There are two main themes of this movie that I feel are worth exploring. The first is that of heroism. What makes a hero? Does putting on a mask and fighting criminals make you a hero? Or does it make you one of the bad guys? The more I think about Watchmenthe more I believe that none of the men and women who put on costumes in this movie are heroes. They break the law to fight criminals. It is illegal to be a vigilante. Either they don’t submit to those in authority over them, or if they do, they commit great acts of violence. Those who claim they are acting for the greater good turn out to be monsters inside (this applies to more than one of the characters). These are not men and women we should look up to. As Christians, who are we to look up to? Who are we to emulate? Who are the real heroes in this world? For me, the great heroes are those who lead by example. Who show us how to live a life worthy of God, even if it means great difficulty or persecution. Those who preach God’s word and who do not compromise when it comes to worldliness. The “heroes” of Watchmen don’t even come close.

The second theme is that of truth. What is the price that needs to be paid for saving the world? Ultimately, there are many prices to be paid, and one of them is truth. At the end of the day truth is slaughtered for “the greater good”. Pragmatism is more important than truth. Which is not surprising when you consider that the movie is about people who conceal their true identities. On the other hand, as Christians, we believe that we are to be people of truth. Our actions are to be godly and open. The ends never justifies the means, as the means is every bit as important as the ends.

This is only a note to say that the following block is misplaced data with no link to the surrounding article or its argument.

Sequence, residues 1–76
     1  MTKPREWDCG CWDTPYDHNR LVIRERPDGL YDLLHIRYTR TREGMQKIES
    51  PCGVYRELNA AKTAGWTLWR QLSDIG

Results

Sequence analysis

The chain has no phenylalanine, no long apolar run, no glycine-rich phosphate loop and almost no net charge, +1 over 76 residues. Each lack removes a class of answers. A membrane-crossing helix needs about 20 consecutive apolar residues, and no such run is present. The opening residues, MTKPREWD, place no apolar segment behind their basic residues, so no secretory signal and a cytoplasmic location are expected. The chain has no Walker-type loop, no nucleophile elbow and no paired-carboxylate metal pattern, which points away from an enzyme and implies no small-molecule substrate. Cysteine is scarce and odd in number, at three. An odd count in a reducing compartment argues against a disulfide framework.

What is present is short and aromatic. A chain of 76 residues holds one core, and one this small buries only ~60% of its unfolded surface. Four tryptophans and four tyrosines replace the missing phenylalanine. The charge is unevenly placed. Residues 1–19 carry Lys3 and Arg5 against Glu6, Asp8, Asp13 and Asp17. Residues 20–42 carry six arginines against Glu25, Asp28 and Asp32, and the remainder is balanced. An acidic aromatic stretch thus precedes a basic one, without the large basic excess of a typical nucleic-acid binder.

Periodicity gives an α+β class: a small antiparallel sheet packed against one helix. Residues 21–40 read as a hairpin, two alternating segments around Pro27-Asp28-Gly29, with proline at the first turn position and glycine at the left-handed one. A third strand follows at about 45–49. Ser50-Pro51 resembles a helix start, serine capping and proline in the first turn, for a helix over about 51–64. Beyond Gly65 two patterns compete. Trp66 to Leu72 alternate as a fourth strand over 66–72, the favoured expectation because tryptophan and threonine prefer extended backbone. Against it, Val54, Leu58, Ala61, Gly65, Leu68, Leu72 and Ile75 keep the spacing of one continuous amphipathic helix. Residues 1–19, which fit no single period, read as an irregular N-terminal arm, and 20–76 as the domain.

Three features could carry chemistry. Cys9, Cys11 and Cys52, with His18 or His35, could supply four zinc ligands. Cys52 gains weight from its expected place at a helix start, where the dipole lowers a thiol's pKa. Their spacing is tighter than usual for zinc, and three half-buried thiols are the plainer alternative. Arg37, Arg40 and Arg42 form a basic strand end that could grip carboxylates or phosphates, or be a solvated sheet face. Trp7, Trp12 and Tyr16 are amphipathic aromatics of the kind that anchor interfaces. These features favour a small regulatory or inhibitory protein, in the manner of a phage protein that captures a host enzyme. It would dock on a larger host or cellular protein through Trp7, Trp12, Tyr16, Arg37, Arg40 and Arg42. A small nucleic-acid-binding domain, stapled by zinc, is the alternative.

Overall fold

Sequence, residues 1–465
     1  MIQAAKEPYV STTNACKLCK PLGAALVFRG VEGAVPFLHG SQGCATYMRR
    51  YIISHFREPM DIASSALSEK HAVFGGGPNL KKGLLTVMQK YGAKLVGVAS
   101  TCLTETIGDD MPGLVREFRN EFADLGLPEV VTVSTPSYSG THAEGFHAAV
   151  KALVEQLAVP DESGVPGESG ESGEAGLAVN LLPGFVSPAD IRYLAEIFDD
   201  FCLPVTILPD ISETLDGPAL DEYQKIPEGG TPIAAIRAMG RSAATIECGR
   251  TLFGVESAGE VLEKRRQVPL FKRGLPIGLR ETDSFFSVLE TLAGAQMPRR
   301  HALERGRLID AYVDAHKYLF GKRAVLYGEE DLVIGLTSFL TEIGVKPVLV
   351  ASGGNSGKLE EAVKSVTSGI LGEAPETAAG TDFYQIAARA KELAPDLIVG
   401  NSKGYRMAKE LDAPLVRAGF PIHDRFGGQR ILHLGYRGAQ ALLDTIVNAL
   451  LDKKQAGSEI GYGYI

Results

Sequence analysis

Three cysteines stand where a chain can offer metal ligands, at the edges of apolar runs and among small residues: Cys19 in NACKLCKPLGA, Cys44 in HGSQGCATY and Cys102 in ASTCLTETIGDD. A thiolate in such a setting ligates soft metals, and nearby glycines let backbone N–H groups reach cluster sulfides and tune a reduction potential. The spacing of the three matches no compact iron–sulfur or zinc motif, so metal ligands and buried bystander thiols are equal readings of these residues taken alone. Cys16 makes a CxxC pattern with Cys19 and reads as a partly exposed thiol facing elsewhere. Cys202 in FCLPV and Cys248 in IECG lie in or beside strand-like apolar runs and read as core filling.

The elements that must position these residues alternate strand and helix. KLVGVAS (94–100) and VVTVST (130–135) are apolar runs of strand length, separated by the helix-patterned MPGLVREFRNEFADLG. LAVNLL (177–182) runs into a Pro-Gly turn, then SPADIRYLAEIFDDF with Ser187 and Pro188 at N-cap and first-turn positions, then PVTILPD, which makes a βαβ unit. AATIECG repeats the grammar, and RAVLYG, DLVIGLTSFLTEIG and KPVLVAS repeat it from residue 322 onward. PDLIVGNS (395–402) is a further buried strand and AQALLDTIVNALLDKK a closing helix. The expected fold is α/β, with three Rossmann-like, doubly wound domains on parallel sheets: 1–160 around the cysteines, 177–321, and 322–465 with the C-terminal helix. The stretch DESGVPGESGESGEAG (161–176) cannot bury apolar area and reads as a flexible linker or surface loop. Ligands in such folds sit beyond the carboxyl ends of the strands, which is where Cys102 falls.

More explicit than other superhero movies is the idea that the world is never permanently saved. As Laurie says “Nothing ends. Nothing ever ends.” The day may be saved, but it will need saving again tomorrow. There is a corruption in the heart of mankind that leads towards disaster. You can fix the symptoms, but at the end of the day, what needs fixing is the human heart. What we need is a real saviour. Rorschach can’t save you. Doctor Manhattan can’t save you. Only Jesus can save you. His death and resurrection have saved us from sin. Jesus is the only “hero” worth following.

So, after all that, what did I think about the movie? I think I liked it. I’m not sure if that’s because I love the book or because its a good film. But it is a visually stunning film. It does make you think. And I never once looked at my watch to see how long I had til the end. If you’re under 15 or you think the violence, nudity and sex will be too much, then don’t watch this movie. If you want an intelligent, visually different, action movie, then give Watchmen a shot. I will definitely be getting the extended director’s cut on DVD when it comes out. And I’m thinking this is one of those movies that I will come to love more and more each time I watch it.


  1. Thank you for writing this article–I want to see the movie but was unsure if I should–I found this very helpful.

    I think I enjoyed the graphic novel so much because it made me so mad! I don’t know if that makes sense, but given your article here, I think you probably follow me.

    The theme of the graphic novel seems to me to be what you mentioned–pragmatism is more important than truth!

    I think the novel gets some things right though–if you are going to give up on God, then it follows that pragmatism is king and depravity runs wild, even in the hearts of professed “heroes.”

    In the end I was disgusted with the world of Watchmen, if the movie leave you the same, then it would seem to be a success and I would get just as mad at the movie as I did at the graphic novel!

    Drews last blog post..The Danger of Living in the Facebook Generation

  2. Drew, I would contend that you’ll be mad at the movie for more than that. As time passes, I get angrier and angrier at Zack Snyder for what he’s done to Watchmen. It’s kind of weird.

    As for, “The theme of the graphic novel seems to me to be what you mentioned–pragmatism is more important than truth!”

    I’m pretty sure the graphic novel is actually just asking questions about the validity of all positions involved. Hence, at the end Ozymandius’ plan is actually foiled by Rorschach’s diary in a random, unpredictable way. Thereby pointing out one of the biggest criticisms of the pragmatic viewpoint: “Sure, if you knew it would work, maybe we could talk. But you DON’T.”